A vacant lot near Park Road in northwest D.C. has become a public green space, due to the efforts of neighborhood residents and the nonprofit group Washington Parks & People.
Steve Coleman, who heads the nonprofit, said the idea for North Columbia Heights Green “came from community residents, tired of dumping and crime at the site, who wanted the space turned into something useful.” They asked his group to help “mobilize volunteers to help clean up and transform the site.”
The property “has been a horrible nuisance for 45 years,” said Larry Ray, a former advisory neighborhood commissioner and community activist. Ray says the seven people with property interests in the site were persuaded to donate the land.
The project brought together disparate parts of the area, including schoolchildren who planted a garden, hundreds of volunteers, and “former gang members who helped with initial reclamation,” Coleman said.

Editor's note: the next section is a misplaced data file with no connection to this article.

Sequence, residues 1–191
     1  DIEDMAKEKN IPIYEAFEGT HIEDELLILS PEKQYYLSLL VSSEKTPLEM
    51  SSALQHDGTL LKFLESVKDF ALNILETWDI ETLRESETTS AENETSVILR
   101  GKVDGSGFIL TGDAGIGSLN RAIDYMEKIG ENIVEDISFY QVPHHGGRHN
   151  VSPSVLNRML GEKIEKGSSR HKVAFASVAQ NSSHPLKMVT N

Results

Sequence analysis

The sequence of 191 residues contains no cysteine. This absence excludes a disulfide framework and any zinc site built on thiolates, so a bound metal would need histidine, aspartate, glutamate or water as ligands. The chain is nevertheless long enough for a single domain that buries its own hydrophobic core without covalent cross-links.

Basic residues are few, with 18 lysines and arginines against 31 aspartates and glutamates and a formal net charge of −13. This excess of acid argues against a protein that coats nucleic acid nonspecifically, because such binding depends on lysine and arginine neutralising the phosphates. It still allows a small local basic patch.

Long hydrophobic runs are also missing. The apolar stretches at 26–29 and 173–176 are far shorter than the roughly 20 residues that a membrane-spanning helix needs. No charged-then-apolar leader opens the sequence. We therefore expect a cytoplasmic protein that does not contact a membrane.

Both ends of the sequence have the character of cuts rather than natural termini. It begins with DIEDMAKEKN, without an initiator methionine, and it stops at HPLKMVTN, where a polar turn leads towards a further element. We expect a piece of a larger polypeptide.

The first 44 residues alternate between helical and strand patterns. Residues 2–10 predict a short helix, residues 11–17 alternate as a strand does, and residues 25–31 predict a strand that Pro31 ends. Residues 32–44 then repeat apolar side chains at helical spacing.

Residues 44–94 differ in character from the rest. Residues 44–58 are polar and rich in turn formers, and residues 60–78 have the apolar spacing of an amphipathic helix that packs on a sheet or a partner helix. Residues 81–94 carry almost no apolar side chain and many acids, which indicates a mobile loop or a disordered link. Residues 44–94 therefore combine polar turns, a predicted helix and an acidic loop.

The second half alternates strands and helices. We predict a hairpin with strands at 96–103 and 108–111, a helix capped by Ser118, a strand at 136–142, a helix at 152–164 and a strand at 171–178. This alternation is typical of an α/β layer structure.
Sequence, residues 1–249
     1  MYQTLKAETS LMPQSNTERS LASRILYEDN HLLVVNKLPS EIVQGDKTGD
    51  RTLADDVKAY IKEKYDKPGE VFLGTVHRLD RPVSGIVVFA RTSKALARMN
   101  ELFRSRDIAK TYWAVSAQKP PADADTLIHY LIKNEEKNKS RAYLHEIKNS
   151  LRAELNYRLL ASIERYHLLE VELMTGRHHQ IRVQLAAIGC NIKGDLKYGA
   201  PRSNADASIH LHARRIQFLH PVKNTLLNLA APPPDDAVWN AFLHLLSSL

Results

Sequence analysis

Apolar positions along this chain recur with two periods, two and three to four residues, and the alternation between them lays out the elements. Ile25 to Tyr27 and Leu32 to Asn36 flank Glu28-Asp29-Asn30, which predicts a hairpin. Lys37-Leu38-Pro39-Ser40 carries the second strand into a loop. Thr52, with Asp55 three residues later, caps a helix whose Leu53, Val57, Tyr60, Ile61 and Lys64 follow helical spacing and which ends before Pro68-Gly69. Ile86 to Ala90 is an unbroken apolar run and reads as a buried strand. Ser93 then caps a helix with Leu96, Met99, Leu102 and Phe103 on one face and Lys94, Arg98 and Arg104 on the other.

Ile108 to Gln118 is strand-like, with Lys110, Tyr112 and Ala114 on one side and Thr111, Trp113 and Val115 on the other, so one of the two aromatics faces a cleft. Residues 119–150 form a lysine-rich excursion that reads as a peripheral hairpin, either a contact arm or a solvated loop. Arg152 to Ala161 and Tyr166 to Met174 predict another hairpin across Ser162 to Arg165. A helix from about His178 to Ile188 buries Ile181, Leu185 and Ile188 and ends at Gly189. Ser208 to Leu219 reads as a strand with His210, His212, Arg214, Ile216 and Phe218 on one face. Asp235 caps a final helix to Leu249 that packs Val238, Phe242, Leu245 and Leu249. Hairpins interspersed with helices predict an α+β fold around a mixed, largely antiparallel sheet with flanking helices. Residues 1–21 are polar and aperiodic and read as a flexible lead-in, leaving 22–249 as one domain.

Still, there was some initial resistance to the project.
Some residents feared cars that were illegally parked outside the vacant lot would relocate to street parking, which is already limited in the area, though as Coleman explained, most of the cars there were abandoned or unregistered. Others feared the green space “would be a magnet for dumping and nighttime problems, but the fence and improvements on the site now help ensure that the Green is used only for positive community programs.”
Greater resistance came from city agencies, who “did not know how to treat such a community green site and initially tried to fine the community for outsiders dumping on the site, and to tax the community for the Green despite its value as a public amenity,” Coleman said.
Councilmember Jim Graham, an early advocate for the project, helped the advocates of the Green to get past this reluctance.
The Green was officially opened on Saturday, and will be used for community gardens, a learning and demonstration garden, and discovery gardens for youth groups and schools. Coleman said the Green will also be home to a butterfly garden, a berry patch, and even a small orchard.
“We hope the site can be an inspiring model for dozens of similar long-blighted vacant lots across the city,” Coleman said. “There is tremendous potential to use these kinds of places to give our communities new life, health, jobs, hope, and vitality.”